Friday, January 09, 2009

Trader Joe's and evangelism

Anyone who's known me in the past few years knows how much I love Trader Joe's. Actually, anyone who doesn't know me but visits this blog from time to time probably knows this. I'm not sure I've ever actually spelled out the reasons why I love TJ's and why I will evangelize about them to almost anyone who will listen and who hasn't actually bought into the TJ's cult yet. Here goes...
  1. Size This may not be the first criteria most people bring up when evangelizing for TJ's, but it tops my list. At 15,000 sq. ft., the average TJ's is far more manageable and scaled to human needs than your average grocery store (50,000 sq. ft.) or superstore (a terrifying 250,000 sq. ft.). At this size, I can get in and out in a reasonable amount of time. Banana is also easier to manage in a store this size. She can help with the groceries without getting bored. Because things are closer to her scale, she can also take it all in without being as overwhelmed by hundreds of options for cereal/bread/cookies/crackers/cheese/you-name-it.

  2. Quality With occasional exceptions, the quality of TJ's products is good and consistent. They have eliminated high fructose corn syrup and unsaturated fats from most (if not all) of their product lines. To the best of their ability, they source even their non-organic products from GMO-free sources. Their non-organic milk is rBST-free, as are most other dairy items. They offer cheeses from grass-fed cows, and their meats are hormone- and antibiotic-free. As a companion pointed out, they even specify the use of animal rennet versus vegetarian rennet in the cheeses. Their frozen foods are generally very good and can be a godsend when you need to pull together a quick, healthy dinner for a tired little girl, or when you need to pull together appetizers for cocktail hour.

  3. Cost We finally get to cost, which is where most people start. I can get out of TJ's with groceries for a full week (breakfast, lunch, and dinner for two) as well as a couple six-packs of decent beer and a couple bottles of wine for a hundred dollars. Certainly some items cost the same as they might at one of the large supermarket chains, but there are many staples like pasta, yogurt, cereal, cheese, and juices that I can buy for significantly less at TJ's.

  4. Customer Service I cannot emphasize enough the importance of customer service in this list. When managers and employees show genuine enthusiasm and are consistently friendly and helpful, the whole experience improves. When they go out of their way to pay attention to children with (healthy) treats and hellos, shopping becomes more fun than a chore. And any parent who has ever taken a kid grocery shopping will probably agree that keeping a kid happy in a grocery store is priceless.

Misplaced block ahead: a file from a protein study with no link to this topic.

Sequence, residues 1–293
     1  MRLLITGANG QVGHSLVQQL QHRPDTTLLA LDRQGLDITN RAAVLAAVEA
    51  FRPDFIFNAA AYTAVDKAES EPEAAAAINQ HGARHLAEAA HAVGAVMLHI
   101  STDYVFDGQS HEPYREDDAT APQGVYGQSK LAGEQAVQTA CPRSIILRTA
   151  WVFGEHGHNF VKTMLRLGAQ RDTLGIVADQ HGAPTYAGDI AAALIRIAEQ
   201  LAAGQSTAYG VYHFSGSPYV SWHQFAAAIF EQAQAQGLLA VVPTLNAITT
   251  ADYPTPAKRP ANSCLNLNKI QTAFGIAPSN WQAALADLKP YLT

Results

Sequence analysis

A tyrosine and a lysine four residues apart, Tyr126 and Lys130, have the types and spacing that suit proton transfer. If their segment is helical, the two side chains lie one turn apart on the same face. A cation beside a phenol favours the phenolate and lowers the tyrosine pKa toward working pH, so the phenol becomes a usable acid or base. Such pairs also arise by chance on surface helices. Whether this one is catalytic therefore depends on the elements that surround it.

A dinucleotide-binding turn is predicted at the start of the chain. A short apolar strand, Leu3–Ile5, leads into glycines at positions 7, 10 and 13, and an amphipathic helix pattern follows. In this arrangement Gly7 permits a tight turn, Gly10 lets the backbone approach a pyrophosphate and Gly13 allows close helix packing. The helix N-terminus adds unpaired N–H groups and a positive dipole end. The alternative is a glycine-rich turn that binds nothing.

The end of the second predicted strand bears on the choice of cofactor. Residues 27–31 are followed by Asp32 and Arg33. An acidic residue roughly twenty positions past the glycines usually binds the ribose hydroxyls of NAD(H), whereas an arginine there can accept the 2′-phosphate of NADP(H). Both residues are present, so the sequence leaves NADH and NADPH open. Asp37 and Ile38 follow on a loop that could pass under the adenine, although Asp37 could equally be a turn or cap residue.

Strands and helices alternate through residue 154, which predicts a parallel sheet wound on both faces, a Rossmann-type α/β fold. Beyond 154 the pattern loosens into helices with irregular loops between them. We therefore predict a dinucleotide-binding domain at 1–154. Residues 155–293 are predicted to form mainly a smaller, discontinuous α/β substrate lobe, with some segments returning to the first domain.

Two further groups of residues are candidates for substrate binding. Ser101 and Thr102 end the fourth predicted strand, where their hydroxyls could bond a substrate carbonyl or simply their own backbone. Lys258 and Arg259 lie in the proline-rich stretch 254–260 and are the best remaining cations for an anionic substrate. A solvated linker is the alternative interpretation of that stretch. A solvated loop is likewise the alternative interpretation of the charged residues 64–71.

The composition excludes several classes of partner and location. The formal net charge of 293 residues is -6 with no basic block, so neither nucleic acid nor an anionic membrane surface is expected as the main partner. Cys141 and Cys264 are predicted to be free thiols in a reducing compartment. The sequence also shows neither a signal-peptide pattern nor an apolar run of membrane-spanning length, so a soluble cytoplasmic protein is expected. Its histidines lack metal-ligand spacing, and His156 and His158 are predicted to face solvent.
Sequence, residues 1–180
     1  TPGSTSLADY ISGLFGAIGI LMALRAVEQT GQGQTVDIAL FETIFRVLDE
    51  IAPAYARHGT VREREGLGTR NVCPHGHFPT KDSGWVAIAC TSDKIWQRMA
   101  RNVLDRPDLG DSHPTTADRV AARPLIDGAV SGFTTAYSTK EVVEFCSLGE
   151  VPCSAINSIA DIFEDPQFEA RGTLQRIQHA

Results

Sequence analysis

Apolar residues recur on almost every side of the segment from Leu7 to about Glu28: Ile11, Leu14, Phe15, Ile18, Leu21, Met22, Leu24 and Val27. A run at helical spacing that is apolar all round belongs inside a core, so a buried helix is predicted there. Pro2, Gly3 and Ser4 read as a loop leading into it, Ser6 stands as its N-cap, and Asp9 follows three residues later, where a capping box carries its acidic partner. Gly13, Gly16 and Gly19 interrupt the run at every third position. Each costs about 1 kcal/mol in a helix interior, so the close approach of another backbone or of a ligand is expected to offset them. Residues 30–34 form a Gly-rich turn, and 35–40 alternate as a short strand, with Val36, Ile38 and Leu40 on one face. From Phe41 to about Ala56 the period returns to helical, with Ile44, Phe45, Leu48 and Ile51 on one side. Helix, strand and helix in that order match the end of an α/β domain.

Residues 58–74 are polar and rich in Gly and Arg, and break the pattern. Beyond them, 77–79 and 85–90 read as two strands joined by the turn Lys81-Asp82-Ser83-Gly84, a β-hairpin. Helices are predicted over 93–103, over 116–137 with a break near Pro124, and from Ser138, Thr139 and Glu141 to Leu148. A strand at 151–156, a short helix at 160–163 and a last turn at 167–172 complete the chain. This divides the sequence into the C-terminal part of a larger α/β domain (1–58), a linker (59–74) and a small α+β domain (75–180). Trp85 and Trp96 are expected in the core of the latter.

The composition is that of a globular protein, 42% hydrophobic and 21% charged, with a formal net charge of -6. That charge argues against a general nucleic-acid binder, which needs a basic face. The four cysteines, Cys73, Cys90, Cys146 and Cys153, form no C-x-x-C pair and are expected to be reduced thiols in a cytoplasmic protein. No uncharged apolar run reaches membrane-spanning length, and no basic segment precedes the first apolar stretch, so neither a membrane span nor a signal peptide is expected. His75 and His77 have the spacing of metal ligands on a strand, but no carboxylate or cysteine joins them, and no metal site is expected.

5. Variety TJ's may not have hundreds of options for every item, but I don't necessarily want or need hundreds of options. They have the staples in enough variety that I can generally find what I need. Then there is the constant flow of new, interesting products. Whether it's cheese, prepared food, wine, ice cream, or you name it, there are inevitably moments in every shopping trip when I come across something new and worth trying. As a creature of habit who occasionally needs to be wrenched out of my habits, I appreciate this. I can say the same thing for shopping at Whole Foods, Ellwood Thompson (our local natural market), or the farmers market, but I cannot say the same thing for the standard supermarket chains.

  6. Green awareness I've found them to be very good about the use of recycled materials and about developing and using smart packaging. They are also very good about sourcing from sustainable sources. That said, I do wish that their use of packaging for fresh items would be more limited. All the smart packaging in the world can't change the fact that you're still adding waste to the trash stream.

In the end, my only quibble with TJ's is that they are consistently going into locations that can only be reached by car and are often in the exurbs. Such decisions are short-sighted at best and indicate a strategy that ignores the smaller urban areas where their core customers congregate. In Richmond, for example, a store placed in or near the Fan or near West End would perform phenomenally — and would show a nod to green economy. All one has to do is walk around the neighborhoods on recycling day to see how many TJ's bags are out. Hell, you could have done that before the Richmond store opened and seen the numbers of people who made regular treks to Northern Virginia and Hampton Roads for their TJ's fixes. I know; I was one of them.